From the Ducks Unlimited magazine Archives
By Wade Bourne
Recent heavy rains had caused the river to rise out of its banks and into the adjacent bottoms, and mallards and other dabbling ducks were flocking to the banquet of freshly flooded acorns in the oak flats.
My host had enjoyed a sensational hunt the day before, and our prospects for this morning were just as bright, as the arrival of dawn brought big flocks of ducks plummeting into the flooded timber.
What made this hunt extra sweet was the fact that this honey hole was not on the property of an exclusive duck club or private lease. We were on Arkansas's sprawling White River National Wildlife Refuge, which is largely open to public hunting and offers endless opportunities for those willing to work for their birds.
Public hunting areas are a cornerstone of our waterfowling tradition. The North American Model of Wildlife Conservation was founded on the premise that wildlife belongs to everyone; therefore everyone should have access to these resources. Hunters have certainly paid their own way by funding the acquisition and management of public hunting areas through license and duck stamp sales, excise taxes on firearms and ammunition, donations to Ducks Unlimited and other conservation organizations, and much more.
In almost five decades of waterfowling, I have chased ducks and geese on national wildlife refuges, wildlife management areas, national and state forests, military reservations, private lands open to public hunting, and many other areas. Some of these places have provided me with the best duck and goose hunting imaginable. Following are just a few of my most memorable public waterfowl hunts.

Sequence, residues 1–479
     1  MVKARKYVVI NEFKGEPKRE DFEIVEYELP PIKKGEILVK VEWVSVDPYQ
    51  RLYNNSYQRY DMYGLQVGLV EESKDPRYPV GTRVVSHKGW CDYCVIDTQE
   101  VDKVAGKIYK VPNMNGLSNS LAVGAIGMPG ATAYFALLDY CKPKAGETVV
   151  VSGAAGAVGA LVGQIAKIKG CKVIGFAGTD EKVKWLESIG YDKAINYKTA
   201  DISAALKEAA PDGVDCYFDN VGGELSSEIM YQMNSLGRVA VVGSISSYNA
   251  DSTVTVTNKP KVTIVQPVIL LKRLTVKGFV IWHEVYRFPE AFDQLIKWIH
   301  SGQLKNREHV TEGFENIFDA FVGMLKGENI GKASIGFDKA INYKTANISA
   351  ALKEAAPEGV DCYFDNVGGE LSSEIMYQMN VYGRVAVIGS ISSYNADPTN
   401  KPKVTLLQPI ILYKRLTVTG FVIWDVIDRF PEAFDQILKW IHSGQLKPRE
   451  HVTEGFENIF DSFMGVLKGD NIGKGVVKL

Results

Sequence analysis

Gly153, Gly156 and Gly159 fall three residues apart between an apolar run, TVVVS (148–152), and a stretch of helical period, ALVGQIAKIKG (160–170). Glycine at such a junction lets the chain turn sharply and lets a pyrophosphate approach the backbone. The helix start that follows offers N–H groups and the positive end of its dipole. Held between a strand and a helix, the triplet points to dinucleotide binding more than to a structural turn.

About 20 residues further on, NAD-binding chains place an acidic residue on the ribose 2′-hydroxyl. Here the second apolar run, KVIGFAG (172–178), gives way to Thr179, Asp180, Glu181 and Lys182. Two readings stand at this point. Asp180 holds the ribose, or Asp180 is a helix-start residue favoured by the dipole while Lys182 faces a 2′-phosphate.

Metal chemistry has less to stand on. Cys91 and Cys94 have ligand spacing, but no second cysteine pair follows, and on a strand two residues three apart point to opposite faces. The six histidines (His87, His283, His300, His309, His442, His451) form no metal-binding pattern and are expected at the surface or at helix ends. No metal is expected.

Remembering Number 4
"Number 4" was the place where I earned my stripes in duck hunting. Such was the designation given to the last field in the bottoms on a west Tennessee wildlife management area. This seasonally flooded area, managed by the Tennessee Game and Fish Commission (forerunner of the Tennessee Wildlife Resources Agency), was one of those magic spots where ducks just wanted to go.
Phil Sumner and I were in our late teens, and we had fire in our bellies. It was no secret that Number 4 was a hotspot, and because it was open to all on a first-come, first-served basis, we made it a point to get there early. We'd arrive in the area's parking lot two hours before shooting time. After sliding Phil's johnboat out of his pickup bed, we'd load our gear, clamp on my old three-horse outboard, and start snaking through the timber toward Number 4.
In those youthful days I was crazy about duck hunting and girls, in that order—and Number 4 was my first true love.
What should have been about a 10-minute trip took us a good half-hour because my motor ran hot and would lock up after taking us only a few hundred yards. We would chug along until the outboard seized, paddle while it cooled off, and then crank it back up again. It took about three of these cycles to reach Number 4.
Permanent blinds weren't allowed on this management area, but someone had piled brush in a U shape on the point of a tree line where the ducks flew in from a nearby refuge. When we jammed our boat inside the U, we were fully concealed from circling birds' wary eyes.